Faculty Profile: Brenda Wilson
As the first of five children in her working-class family, everything Brenda Wilson knew about scientists came from watching them on television or reading in books. Now theme leader for the Host-Microbe Systems research group at the new Institute for Genomic Biology, Wilson's story is no less fascinating than those she saw growing up.
“I always liked the idea of being a scientist and a professor, though my idea of what that involved was very naïve,” said Wilson, associate professor of microbiology who has been on the faculty since the fall of 1999. “I had this idea it was like what you see in the movies, where brilliant people discover new things, spinning off brilliant insights every hour. Of course it’s a lot slower than that, and a lot more work than that!”
Faculty Profile: Philip A. Sharp, Ph.D.
The Department of Biochemistry will sponsor a special seminar September 14 by Professor Phillip A. Sharp, PhD, Nobel Laureate, and Institute Professor at the Center for Cancer Research, Massachusetts Institute of Technology. At noon that day in Spurlock Museum's Knight Auditorium, Professor Sharp will present the Biochemistry Friday seminar on The Emerging Biology of Short RNAs.
Dr. Sharp and his wife Ann will be on campus to attend the investiture of David M. Kranz as the Phillip A. Sharp Professor of Biochemistry, a professorship which they have endowed.
CMB-MB 20th Annual Symposium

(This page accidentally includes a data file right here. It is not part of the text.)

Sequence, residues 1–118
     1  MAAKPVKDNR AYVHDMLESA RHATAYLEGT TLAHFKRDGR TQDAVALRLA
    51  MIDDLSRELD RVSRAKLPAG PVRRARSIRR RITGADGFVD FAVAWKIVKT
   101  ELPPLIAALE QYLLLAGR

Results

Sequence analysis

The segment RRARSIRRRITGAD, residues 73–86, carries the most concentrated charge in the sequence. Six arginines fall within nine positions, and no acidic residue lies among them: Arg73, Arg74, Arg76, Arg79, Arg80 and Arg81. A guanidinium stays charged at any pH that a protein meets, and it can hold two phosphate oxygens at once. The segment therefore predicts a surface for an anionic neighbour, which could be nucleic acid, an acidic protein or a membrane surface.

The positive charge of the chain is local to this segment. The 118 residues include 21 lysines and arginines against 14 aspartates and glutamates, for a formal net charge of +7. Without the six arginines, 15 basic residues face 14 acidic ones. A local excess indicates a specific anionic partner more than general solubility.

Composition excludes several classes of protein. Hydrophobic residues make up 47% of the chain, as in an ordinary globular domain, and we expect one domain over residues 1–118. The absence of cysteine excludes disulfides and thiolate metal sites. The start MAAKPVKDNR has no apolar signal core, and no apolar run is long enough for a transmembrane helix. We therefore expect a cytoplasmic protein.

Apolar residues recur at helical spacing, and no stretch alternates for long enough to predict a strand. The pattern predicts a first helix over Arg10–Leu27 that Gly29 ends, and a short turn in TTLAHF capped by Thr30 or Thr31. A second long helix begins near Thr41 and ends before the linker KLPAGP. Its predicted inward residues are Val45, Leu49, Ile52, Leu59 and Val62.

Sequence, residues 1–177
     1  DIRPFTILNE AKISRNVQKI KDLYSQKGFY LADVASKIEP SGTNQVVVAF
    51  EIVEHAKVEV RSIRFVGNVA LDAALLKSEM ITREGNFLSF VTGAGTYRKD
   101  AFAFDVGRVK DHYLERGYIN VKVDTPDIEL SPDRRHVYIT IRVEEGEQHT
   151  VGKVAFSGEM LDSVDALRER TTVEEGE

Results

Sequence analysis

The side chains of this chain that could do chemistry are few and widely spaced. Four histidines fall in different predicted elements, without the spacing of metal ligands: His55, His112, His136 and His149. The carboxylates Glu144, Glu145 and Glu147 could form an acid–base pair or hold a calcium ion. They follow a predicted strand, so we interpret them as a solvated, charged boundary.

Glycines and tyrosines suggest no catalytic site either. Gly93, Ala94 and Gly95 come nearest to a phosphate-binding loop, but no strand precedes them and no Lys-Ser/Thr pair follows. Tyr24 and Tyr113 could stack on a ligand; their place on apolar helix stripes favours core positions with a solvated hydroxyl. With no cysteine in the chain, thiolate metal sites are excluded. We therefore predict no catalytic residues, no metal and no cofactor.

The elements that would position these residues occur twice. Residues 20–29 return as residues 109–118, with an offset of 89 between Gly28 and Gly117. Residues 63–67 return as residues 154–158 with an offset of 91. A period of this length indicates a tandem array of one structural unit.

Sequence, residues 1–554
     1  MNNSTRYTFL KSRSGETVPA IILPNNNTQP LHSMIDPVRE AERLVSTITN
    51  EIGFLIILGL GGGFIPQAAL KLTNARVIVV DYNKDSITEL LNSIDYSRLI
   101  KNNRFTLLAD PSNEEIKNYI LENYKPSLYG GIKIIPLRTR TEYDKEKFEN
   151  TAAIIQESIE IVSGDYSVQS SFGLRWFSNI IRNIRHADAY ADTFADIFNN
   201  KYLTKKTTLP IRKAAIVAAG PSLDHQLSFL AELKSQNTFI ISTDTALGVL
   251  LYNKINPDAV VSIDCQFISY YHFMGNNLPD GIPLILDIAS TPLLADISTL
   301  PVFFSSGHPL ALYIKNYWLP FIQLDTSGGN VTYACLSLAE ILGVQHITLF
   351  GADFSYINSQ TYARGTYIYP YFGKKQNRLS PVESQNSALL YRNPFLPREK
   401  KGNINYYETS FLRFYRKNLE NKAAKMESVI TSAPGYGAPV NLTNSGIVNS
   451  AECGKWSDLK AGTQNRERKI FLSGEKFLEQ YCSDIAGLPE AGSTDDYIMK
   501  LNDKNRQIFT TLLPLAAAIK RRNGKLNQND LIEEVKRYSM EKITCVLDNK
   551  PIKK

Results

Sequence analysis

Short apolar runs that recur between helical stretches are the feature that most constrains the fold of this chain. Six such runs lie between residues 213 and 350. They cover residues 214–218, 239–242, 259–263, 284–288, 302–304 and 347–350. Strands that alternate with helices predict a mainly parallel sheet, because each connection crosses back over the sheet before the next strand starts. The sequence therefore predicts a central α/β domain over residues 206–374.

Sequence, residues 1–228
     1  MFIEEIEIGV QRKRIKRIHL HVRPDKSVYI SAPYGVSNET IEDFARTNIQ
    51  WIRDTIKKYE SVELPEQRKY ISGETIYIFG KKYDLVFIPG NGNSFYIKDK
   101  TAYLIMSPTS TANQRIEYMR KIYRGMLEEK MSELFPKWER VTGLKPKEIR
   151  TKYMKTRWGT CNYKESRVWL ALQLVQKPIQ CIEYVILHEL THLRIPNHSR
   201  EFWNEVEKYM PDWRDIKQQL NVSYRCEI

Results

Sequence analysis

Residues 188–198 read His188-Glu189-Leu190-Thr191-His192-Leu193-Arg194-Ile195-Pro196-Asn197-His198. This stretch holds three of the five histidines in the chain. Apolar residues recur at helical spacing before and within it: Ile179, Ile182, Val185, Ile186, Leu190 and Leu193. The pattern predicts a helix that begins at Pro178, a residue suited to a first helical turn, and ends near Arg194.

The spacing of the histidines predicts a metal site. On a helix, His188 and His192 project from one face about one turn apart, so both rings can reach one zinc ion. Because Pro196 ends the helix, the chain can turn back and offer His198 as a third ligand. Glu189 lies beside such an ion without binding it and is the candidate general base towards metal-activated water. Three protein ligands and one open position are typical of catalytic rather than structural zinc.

The 20th Annual Cell and Molecular Biology and Molecular Biophysics (CMB-MB) Training Grant Research Symposium will be held November 2 from 9:30 a.m. to 6 p.m. at the NCSA building.
Susan Lindquist: MCB Distinguished Lecturer
On October 3 at noon in the CLSL Auditorium (B102), the School of MCB sponsored a distinguished lecturer seminar by Susan Lindquist, PhD. Dr. Lindquist earned a bachelor's degree in microbiology from Illinois in 1971. She received the University of Illinois Alumni Achievement Award in 2006 and presented the Albert and Ellen Grass Lecture, Protein Folding and Misfolding in Neurobiology, at the 2007 Society for Neuroscience meeting.
Dr. Lindquist, the first female director of the Whitehead Institute for Biomedical Research, is also a member of the Howard Hughes Medical Institute and is on the faculty at the Massachusetts Institute of Technology. Her October 3 lecture was on The Surprising Biology of Prion Proteins.
Faculty Profile: Stephanie Ceman
Stephanie Ceman knew when she was in sixth grade that she wanted to go to college. Her parents, on the other hand, were not so sure.
"My parents really resisted. They were afraid I'd turn into a hippie," she says. Ceman's goal was not to become a hippie, but rather to become a doctor. It seemed the most logical career path at the time to Ceman, who enjoyed math and biology. "I liked knowing about the way things work," says Ceman, who built a model of the heart out of dough for a high-school biology class. "I was interested in all these chambers and how blood would come in one chamber and would go to the next one and back to the lungs."
Paul J. Leibson, 1952–2007
Paul J. Leibson, professor of immunology at Mayo Clinic in Rochester, Minnesota and a pre-eminent researcher of NK cells died of cancer on August 6, 2007.